Summation: Delightful saga of the four–legged equestrian type
Rating: 5 out of 5
The real name of the leading character of this enthralling saga will probably never be known despite appearing in an award winning movie. The reason is obvious: it is a head-strong stallion.
As a foal, a neighbourhood boy is entranced by this majestic creature. Fate intervenes. His father, an inebriated nere-do-well of a man, unbeknown to his son, is also enthralled with him. This occurs at an auction where the impecunious fellow is supposed to purchase a regular stout-hearted work horse. Instead reason vanishes as he bids way past his financial means, a veritable fortune much more than his modest income will allow for this veritable race horse, the very antithesis of what he requires.
His counter bidder, we eventually discover, is none other than his stone-hearted landlord. Forced to redeem himself to prevent eviction, he undertakes with the assistance of his son, to make amends by planting an unpromising stony patch of land with turnips.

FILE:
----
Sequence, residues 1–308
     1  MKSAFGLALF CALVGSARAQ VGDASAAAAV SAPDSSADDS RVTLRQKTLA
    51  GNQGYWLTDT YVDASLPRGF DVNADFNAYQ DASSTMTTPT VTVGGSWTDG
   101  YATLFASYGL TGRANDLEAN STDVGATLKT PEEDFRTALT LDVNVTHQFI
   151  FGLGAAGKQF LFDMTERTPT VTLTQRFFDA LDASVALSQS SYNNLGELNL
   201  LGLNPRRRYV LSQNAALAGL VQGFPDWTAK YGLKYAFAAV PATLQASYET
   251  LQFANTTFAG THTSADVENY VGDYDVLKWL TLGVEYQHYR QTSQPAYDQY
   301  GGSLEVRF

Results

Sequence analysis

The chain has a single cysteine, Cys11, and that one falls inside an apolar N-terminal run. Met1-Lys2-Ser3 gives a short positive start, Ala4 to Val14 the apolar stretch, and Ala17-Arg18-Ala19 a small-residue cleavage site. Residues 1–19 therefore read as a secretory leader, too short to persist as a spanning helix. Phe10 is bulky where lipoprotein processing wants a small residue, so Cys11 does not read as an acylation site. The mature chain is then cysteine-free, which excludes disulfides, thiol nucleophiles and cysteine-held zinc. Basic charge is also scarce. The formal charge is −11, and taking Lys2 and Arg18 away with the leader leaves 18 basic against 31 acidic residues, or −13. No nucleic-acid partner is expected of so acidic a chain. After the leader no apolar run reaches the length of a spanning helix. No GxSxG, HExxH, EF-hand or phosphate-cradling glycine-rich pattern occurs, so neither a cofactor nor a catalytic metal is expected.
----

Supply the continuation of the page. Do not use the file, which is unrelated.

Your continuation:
Fate and chance intercede. Serendipitous events follow further serendipitous events whereby the horse is sold to a cavalry unit of the British Army en route to France as part of the initial troops entering WW1.
The death of the officer in an ill-fated cavalry charge with swords drawn, leads to the horse being captured by the Germans, being briefly befriended by a sweet French child.
The warhorse, initially called Joey, is recaptured by the Germans and is destined to be worked to death drawing howitzers.
After further adventures, Joey is reunited with his trusted owner and miraculously returned to Britain.
One is enthralled, drawn into a long forgotten world, where vehicles were the exception rather than the rule and horses were still the accepted mode of transport, “attack vehicle” on cavalry charges and ploughing “machine”.
Life was hard and cruel. Happenstance, fate and chance were one’s lot in life. Stunning visuals complement a riveting story. It is a worthwhile purchase.